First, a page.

State Sen. Tom Berryhill, who represents part of Fresno and all of Clovis, no longer resides in the district he represents. In fact, he’s lived out of the district for nearly two years.

But it may not be illegal.

Berryhill, a Republican, is a two-term senator, winning in 2010 and again in 2014. Previously, he served two terms in the Assembly. Term limits prevent him from running again.

Now he is a candidate for the Stanislaus County Board of Supervisors in District 4.

Berryhill Now Lives in Modesto

Berryhill’s supervisorial campaign says he has lived at 7110 Leer Court in north Modesto since July 2016. While that is within the supervisorial district, it is outside of his Senate seat boundaries. The address is approximately six miles west of the District 8 border. Tax and voting records confirm his address.

Real estate records show that Berryhill and his wife purchased the 3,941 square-foot, four-bedroom home in 2010 for $705,000.

“He legally represents District 8. He lives in Stanislaus County,” Mike Zimmerman, a spokesman from Berryhill’s Senate office told GV Wire on Wednesday.

Senate 8 is massive in size. It stretches from Sacramento County to the California-Nevada border on the state’s east side and all the way south to Tulare County. In all, it encompasses all or parts of 11 counties, including much of the city of Fresno north of McKinley and all of Clovis.

Residency Law

Even though he does not live in the district, Berryhill may not be breaking the law, strictly speaking.

The California Constitution (Article IV, Sec. 2(c)) requires a state senator to be a U.S. citizen, a resident of the legislative district for one year, and a California resident for three years.

There is a caveat. On the Secretary of State’s webpage, it states “it is the legal opinion of this office that these provisions violate the U.S. Constitution and are unenforceable.”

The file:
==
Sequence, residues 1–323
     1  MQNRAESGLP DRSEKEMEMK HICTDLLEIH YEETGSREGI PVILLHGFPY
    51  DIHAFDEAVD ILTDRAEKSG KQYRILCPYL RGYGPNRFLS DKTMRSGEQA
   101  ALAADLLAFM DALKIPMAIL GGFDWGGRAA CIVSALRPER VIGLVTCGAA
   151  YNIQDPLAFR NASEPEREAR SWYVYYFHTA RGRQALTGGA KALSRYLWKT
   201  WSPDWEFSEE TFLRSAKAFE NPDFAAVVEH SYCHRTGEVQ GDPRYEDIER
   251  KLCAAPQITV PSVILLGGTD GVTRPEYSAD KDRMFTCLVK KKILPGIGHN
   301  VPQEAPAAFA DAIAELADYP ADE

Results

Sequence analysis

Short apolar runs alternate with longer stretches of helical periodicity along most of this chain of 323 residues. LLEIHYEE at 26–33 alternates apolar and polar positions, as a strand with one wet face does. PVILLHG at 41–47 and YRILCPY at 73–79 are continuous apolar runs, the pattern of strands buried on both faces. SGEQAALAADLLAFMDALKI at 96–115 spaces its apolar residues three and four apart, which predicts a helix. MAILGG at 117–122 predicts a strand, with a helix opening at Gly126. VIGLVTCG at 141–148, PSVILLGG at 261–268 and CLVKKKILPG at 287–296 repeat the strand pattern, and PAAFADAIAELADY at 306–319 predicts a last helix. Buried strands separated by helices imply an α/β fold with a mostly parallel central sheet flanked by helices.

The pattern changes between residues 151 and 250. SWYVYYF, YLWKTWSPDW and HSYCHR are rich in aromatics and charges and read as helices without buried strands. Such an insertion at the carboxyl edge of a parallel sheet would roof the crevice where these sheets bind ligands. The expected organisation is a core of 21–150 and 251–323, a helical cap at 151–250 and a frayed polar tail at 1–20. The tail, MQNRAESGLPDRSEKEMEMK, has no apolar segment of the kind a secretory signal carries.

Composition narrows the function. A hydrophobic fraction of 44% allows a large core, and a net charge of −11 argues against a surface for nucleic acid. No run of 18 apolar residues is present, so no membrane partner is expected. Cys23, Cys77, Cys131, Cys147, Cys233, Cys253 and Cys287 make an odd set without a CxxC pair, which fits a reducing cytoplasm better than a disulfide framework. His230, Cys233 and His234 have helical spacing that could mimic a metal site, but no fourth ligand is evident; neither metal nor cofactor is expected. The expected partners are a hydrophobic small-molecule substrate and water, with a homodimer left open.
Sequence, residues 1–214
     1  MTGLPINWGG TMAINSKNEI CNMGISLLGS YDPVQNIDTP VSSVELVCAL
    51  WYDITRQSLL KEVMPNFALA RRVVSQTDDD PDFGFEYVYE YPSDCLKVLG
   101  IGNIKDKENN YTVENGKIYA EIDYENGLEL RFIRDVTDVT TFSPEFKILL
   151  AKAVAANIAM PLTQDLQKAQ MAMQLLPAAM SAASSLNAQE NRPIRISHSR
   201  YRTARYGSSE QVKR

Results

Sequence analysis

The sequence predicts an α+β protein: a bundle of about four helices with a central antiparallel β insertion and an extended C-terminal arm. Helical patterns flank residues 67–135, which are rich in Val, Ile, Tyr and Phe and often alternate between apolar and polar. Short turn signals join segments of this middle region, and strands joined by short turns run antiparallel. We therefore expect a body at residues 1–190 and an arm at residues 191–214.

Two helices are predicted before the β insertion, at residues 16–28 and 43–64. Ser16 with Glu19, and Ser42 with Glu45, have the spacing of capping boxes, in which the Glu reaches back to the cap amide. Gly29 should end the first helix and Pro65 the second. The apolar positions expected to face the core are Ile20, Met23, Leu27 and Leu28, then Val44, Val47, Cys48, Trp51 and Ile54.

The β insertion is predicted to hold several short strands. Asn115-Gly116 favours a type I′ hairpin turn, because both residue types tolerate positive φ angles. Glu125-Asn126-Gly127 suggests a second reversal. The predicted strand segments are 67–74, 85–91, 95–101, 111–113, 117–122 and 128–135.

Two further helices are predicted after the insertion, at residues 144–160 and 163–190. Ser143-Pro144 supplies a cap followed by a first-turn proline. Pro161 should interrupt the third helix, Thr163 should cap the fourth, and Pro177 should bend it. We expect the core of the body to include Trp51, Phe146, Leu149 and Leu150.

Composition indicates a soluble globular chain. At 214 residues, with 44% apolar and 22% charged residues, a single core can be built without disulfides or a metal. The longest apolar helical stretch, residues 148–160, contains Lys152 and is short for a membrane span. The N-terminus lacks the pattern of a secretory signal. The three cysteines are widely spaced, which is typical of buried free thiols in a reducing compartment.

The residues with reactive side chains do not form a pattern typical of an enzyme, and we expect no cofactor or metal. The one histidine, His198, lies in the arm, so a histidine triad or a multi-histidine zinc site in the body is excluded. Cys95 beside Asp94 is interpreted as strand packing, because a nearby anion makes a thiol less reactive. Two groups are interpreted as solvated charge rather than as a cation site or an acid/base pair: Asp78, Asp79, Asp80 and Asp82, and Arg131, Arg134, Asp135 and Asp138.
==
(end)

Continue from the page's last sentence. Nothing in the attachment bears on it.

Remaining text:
Stephen Kaufman, a Los Angeles attorney specializing in election law, did not want to comment specifically on Berryhill’s situation. He did say, however, that generally residency rules only apply to running for office.

“The one-year residency requirement in the State Constitution for legislative candidates has been deemed unenforceable as a result of California Supreme Court cases declaring local durational residency requirements of more than 30 days unconstitutional,” Kaufman said.

“This law does not really address whether a legislator has to remain a resident after he or she has been elected to office – until he or she runs again in the next election.”

Reporting Law Vague as Well

The Modesto home is not listed on Berryhill’s most recent state economic filings (Form 700). He does own both residential and commercial property in Modesto, Escalon, Sacramento and Twain Harte.

Regarding the need to report the property on his state economic disclosure forms, that question may also have a confusing answer.

Jay Wierenga, a spokesman for the Fair Political Practices Commission, referred GV Wire to the FPPC website Form 700 FAQ.

It states that reporting a property is not required if it is used exclusively as a personal residence. However, reporting may be mandated if a business deduction is claimed for tax purposes above $2,000.

In addition, rental properties only have to be reported if they are in the district.

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